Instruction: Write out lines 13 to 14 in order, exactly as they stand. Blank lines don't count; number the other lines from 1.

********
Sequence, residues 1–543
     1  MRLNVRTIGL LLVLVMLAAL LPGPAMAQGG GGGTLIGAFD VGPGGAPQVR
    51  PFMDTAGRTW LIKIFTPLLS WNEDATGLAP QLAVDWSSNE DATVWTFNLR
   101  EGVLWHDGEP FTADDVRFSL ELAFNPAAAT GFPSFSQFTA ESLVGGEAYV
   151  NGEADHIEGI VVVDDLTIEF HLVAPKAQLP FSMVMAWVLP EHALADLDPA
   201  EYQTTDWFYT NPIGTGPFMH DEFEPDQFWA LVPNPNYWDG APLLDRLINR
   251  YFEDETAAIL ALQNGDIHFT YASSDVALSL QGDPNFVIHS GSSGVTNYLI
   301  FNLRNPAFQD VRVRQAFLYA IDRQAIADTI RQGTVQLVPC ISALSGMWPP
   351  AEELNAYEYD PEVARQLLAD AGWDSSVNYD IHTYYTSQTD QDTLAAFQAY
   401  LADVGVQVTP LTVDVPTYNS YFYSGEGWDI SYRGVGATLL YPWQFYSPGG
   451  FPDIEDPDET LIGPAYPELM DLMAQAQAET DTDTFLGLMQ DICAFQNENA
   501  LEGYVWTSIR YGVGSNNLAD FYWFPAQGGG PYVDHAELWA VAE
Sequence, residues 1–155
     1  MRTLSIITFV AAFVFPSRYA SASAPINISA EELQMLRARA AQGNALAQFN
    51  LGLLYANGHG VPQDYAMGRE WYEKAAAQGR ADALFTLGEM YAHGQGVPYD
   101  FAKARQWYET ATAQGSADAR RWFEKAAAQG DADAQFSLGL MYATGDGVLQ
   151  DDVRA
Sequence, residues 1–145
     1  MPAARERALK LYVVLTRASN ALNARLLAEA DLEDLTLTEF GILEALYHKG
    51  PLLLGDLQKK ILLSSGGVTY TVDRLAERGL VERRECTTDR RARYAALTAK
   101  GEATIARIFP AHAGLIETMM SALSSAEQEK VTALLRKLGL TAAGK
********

Sequence, residues 1–155
     1  MRTLSIITFV AAFVFPSRYA SASAPINISA EELQMLRARA AQGNALAQFN